I Used to Hide the Symptoms of My Mental Illness Out of Shame
I’ve worked really hard my entire life to be a person who is “presentable” to the world, so much so it has become second nature; I lost touch with who I really was. I became tangled up in my diagnoses, who I wanted to be and who I was by nature. What emerged from this combination was a confusing mess I struggled to navigate.
Part of the reason it took me so long to get diagnosed was because I was hiding my symptoms. Those I couldn’t hide I didn’t talk about or acknowledge, and no one else did, either.
Looking back, I know now my symptoms of bipolar disorder and attention-deficit/hyperactivity disorder (ADHD) both began at a young age. It was easy to interpret some of those symptoms as normal behavior because I did not talk about the more extreme experiences — how I struggled to stay afloat at school and my periodic bouts with psychosis. Part of me did not yet understand these things, and for some reason I suspected these issues should not be talked about. Somehow I sensed the stigma attached to mental illness even then, and found myself affected by it.
As an adult, I felt pressures to be a certain person, to be everything for everyone, to not cause trouble, to be successful. I hid the darkest parts of myself, the symptoms that plagued my existence, and everything began to spin out of control.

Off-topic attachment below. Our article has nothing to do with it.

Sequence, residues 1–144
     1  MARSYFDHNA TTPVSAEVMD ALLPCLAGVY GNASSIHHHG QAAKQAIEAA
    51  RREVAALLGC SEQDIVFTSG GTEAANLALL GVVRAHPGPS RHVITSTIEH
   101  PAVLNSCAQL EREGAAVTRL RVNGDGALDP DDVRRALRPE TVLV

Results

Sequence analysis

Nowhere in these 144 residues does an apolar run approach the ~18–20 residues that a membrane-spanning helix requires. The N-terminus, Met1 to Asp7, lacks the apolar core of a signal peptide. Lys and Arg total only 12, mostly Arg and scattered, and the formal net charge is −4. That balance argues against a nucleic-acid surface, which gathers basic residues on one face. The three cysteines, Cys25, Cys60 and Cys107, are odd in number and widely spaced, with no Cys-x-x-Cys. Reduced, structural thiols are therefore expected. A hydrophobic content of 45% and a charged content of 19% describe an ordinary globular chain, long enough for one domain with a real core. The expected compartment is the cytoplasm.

There are a number of reasons. Shame, for one. I was ashamed of not being perfect and of being sick. A big part of me did not even know I was sick; I thought I was defective, or a failure at navigating life. I was also embarrassed by my symptoms. They caused me to think, speak and act in ways I didn’t have control over, in ways that caused me to wreck my life on a regular basis. I wore that shame and embarrassment at all times, the weight of it crushing me each day.
The stigma associated with mental illness was a huge factor that kept me silent, even though I didn’t always realize it. I was afraid to admit to the world I had these symptoms. I struggled, so I created and tried to play the role I’d cast for myself. But there was no willing away, no shedding my illnesses that I’d been avoiding for my entire life.
One of the ways I hid my bipolar disorder was through social withdrawal. No one knew I was staying up nights at a time, writing maniacally, exercising or shopping online, and then sleeping for days on end, because I avoided the company of others. No one knew about the shopping sprees at the mall until after the fact, and it was seen as some personal flaw rather than a symptom of a disease. No one saw the mood shifts, because I hid who I was from the world and only allowed them to see what I wanted them to see. I kept a carefully controlled image. Whether some saw through it or not, I didn’t know. I didn’t want to know. I wanted to believe I could change myself, that I could make these symptoms disappear. This only made things worse.